After making 25 films as Zatoichi the Blind Swordsman, Shintaro Katsu the owner of Katsu Productions decided to move to Television for 4 seasons. The exact same as his films except cut down to 45 minutes & full screen. These are a rare special treat as they are not even released in Japan yet.

here's a review of the episodes:

Episode 1: A Challenge of Chance (46 min)

Ichi (Shintaro Katsu) visits the mining village of Ashido where a cold and calculating yakuza boss named Yasaburo is forcing the locals out of their businesses and jobs. He joins an aging sword master once known as Tatsu the Sword Thrower in aiding Oshin, a young female in protecting her business from Yasaburo and his henchmen. Ichi's biggest challenge is in figuring out how to keep from getting shot by a rifleman in Yasaburo's employ.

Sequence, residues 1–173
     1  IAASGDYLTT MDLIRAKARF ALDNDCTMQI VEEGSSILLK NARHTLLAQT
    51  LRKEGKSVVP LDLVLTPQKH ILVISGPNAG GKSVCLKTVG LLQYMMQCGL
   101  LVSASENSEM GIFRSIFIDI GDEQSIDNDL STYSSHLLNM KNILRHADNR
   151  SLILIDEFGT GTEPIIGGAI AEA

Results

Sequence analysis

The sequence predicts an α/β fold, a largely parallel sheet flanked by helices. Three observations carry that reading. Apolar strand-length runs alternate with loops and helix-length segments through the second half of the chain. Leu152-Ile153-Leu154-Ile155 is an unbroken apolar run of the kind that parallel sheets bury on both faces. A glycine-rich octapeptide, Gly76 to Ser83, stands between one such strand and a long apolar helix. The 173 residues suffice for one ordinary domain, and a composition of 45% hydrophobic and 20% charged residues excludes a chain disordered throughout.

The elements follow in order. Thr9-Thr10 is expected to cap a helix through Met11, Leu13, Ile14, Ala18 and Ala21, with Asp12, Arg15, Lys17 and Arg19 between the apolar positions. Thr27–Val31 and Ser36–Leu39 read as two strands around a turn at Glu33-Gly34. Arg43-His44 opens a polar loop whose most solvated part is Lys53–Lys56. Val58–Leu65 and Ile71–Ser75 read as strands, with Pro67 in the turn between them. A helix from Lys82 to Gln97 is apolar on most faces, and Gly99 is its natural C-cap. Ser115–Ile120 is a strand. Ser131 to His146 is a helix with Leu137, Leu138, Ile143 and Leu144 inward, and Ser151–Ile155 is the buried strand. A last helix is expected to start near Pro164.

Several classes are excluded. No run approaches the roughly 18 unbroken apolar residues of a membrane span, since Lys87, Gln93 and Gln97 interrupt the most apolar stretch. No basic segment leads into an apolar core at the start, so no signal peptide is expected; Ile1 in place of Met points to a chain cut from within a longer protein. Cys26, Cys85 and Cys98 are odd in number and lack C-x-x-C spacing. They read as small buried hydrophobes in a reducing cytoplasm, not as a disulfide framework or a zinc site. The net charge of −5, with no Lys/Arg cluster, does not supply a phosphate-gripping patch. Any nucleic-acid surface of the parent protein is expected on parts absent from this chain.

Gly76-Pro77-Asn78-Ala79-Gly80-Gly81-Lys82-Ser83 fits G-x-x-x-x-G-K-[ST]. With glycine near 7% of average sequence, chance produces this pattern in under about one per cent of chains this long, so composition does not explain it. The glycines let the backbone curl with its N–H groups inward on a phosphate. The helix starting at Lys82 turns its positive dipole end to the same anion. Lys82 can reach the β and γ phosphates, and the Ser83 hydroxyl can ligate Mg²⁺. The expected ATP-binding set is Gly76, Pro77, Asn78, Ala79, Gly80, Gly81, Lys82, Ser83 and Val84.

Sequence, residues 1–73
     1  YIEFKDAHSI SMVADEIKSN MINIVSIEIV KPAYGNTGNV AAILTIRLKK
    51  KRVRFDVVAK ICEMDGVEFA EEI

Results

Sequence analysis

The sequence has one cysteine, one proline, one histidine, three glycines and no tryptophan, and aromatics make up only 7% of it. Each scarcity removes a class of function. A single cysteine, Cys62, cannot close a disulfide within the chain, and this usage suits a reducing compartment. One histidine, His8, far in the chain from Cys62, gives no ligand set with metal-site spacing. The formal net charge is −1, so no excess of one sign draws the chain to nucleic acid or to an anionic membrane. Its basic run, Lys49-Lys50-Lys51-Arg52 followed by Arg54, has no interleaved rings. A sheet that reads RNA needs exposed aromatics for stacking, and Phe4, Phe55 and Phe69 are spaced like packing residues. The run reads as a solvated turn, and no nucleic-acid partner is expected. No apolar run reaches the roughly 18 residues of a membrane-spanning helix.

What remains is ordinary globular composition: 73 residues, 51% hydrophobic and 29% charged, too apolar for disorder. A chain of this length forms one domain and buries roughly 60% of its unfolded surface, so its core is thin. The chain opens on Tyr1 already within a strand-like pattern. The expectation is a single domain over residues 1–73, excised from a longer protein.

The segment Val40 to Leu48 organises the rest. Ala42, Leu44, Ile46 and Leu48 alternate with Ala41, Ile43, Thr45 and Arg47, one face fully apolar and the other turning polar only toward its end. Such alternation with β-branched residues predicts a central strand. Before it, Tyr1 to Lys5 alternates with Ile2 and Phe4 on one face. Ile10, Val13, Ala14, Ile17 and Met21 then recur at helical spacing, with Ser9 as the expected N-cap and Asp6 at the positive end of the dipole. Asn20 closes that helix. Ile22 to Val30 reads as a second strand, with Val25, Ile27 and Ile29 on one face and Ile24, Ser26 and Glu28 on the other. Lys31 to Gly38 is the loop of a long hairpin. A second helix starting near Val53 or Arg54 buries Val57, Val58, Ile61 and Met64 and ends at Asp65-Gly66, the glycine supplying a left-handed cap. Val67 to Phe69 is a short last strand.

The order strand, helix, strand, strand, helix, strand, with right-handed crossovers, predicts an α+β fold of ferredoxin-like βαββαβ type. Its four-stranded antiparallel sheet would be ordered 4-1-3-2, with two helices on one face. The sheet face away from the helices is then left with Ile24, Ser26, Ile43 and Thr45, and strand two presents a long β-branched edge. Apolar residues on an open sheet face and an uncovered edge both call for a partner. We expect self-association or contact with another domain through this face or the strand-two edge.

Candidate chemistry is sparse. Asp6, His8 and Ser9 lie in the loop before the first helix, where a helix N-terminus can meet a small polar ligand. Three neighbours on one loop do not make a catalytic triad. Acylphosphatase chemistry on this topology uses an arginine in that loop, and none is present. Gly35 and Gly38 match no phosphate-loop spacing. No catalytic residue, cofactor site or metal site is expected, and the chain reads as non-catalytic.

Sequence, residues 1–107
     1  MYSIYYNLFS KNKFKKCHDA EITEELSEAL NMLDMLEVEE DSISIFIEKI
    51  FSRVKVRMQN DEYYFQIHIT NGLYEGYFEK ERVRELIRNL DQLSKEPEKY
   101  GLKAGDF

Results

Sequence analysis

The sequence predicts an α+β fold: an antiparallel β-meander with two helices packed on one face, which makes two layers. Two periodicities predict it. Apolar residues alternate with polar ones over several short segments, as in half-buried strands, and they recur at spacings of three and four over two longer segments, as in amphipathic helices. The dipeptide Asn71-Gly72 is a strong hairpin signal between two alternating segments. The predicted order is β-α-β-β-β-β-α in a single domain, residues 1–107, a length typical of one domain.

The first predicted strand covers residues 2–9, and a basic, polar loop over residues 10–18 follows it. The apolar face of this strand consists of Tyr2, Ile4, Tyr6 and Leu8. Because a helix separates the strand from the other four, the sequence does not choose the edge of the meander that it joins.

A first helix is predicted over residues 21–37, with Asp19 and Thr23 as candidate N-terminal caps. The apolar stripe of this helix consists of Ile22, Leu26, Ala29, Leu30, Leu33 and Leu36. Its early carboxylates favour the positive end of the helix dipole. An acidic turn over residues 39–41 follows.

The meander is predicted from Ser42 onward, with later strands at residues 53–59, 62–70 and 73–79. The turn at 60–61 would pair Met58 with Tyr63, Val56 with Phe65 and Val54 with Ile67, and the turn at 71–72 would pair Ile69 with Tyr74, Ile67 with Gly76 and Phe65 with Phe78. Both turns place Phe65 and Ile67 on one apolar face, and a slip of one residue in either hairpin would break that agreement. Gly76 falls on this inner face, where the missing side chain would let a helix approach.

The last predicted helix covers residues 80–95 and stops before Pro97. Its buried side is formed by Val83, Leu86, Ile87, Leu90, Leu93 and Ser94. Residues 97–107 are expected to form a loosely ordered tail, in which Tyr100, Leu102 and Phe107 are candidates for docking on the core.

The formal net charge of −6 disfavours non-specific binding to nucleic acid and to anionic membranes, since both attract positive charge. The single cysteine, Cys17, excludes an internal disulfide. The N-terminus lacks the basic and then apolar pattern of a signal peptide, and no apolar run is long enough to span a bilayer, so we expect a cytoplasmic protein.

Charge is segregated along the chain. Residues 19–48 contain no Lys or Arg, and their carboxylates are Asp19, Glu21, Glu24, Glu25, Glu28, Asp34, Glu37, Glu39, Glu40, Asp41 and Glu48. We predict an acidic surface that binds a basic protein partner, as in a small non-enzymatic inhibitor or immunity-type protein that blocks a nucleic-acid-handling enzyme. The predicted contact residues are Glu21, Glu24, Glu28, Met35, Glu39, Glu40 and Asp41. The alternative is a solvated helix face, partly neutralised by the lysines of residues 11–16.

Episode 2: The Flower that Bloomed with the Lullaby (47 min)

Ichi befriends Taro, a small boy selling persimmons to pay for his ailing grandfather's medicine. It comes to light that the boy is the son of a wealthy silk merchant and Ichi agrees to escort him home. But a local yakuza boss is after a reward for the boy's return, as is Inosuke, an unemployed gambling dealer who convinces his wife to stall Ichi's progress while he arranges to collect the reward.

Episode 3: A Memorial Day and the Bell of Life (47 min)

Ichi puts a stop to an attack by hired ronin on a rival yakuza family, saving the frightened son but not his widowed mother. He also spares the life of Monji, a grateful ronin who begins following Ichi. Monji attempts to prod Ichi into a duel, but the blind swordsman has vowed not to draw his sword for 12 hours on this day in memory of his dead mother.